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West: A systematic approach to calving season

Carmen Willmore for Progressive Cattle Published on 24 November 2021

As the year comes to an end and we gear up for another calving season, I believe we are all thinking, “What can I do best this year for my cows?” This past year has taught us the importance of having a plan; droughts, fires and water shortages have forced many producers to make difficult management decisions to ensure the viability of their herds.

Those cows that have made it to calving are the true “keepers”; it is important that we do what is best to take care of them and their soon-to-arrive calves.

The first thing that probably comes to mind when someone talks about calving-season preparedness is scours prevention. Scours can be extremely difficult to manage once pathogens arrive in the calving herd. Before you even start calving, think about what you can do to prevent an outbreak.

Try taking a more systematic approach to your upcoming season. A few questions to ask yourself are: Where are my cows going to calve out? Will the field be dry or easy to spread fresh straw on to keep the calves dry and comfortable those first few weeks of life? Do I have a sick pen, or a few sick pens, to isolate in if needed? Do I have lime and plenty of straw to sanitize and bed down between pairs? And, most importantly, do I have medications on hand to treat a sick calf? Asking these questions can help guide decisions on what protocols are feasible for you to implement with the facilities and manpower you have. This will give you a starting place to be better prepared.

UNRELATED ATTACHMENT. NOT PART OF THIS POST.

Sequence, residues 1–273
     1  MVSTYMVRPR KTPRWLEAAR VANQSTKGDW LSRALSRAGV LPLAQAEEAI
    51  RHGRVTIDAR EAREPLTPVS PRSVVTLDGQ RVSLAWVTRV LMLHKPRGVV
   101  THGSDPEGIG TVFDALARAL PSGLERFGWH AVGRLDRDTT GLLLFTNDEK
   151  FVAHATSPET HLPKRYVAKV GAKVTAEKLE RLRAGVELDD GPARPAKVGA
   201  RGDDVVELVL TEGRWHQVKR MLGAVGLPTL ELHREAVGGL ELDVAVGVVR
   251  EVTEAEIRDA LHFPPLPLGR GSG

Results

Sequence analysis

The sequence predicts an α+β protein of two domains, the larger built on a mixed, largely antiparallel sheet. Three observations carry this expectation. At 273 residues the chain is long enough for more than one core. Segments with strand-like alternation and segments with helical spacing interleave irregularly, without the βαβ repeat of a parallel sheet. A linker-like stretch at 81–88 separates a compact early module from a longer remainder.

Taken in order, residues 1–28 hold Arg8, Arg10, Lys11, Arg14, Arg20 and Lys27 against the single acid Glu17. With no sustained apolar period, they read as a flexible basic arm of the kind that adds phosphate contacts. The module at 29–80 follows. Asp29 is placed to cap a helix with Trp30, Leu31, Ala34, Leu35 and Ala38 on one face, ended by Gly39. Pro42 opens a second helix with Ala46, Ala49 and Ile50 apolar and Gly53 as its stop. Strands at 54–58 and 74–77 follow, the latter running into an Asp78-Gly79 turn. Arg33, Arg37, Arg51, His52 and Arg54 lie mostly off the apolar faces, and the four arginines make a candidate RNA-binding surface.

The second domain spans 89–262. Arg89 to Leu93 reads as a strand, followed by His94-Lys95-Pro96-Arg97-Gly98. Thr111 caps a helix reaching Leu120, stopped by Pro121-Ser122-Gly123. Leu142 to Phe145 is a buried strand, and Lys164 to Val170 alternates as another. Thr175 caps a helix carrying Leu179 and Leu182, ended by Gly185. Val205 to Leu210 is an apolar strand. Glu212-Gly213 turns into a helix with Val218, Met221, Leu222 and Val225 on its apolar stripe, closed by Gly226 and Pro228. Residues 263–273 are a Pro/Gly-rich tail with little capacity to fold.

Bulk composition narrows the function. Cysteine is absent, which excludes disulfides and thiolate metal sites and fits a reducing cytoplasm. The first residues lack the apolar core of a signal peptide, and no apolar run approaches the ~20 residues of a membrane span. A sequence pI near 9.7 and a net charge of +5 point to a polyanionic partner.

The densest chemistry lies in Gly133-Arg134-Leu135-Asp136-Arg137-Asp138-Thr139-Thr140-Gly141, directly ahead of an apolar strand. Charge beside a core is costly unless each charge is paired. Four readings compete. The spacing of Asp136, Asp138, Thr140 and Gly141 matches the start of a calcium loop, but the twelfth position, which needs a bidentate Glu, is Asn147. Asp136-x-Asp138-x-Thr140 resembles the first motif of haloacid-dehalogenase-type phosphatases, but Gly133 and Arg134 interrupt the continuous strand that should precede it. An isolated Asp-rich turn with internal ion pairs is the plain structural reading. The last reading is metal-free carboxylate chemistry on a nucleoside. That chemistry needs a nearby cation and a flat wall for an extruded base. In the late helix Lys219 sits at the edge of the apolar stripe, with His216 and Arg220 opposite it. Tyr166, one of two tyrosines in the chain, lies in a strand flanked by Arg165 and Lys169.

Consult with your veterinarian on what vaccinations are recommended for your area. Having healthy and vaccinated cows makes managing scours a more feasible task. Cows that have adequate colostrum, with the appropriate antibodies, set calves up for a higher success rate of fighting off disease. Make sure you have a nutrition plan in place as your cows enter late gestation. Cows that go into calving at a body condition score (BCS) of greater than 5 will tend to have an easier time calving, leading to less stress on calves so they are able to stand and nurse more quickly.

Finally, make sure you have all your bedding and cleaning supplies on hand. Having a systematic approach in place can help in managing stress during the calving season for yourself and your cattle.  end mark

Carmen Willmore
  • Carmen Willmore

  • Extension Educator
  • University of Idaho Extension – Lincoln County
  • Email Carmen Willmore

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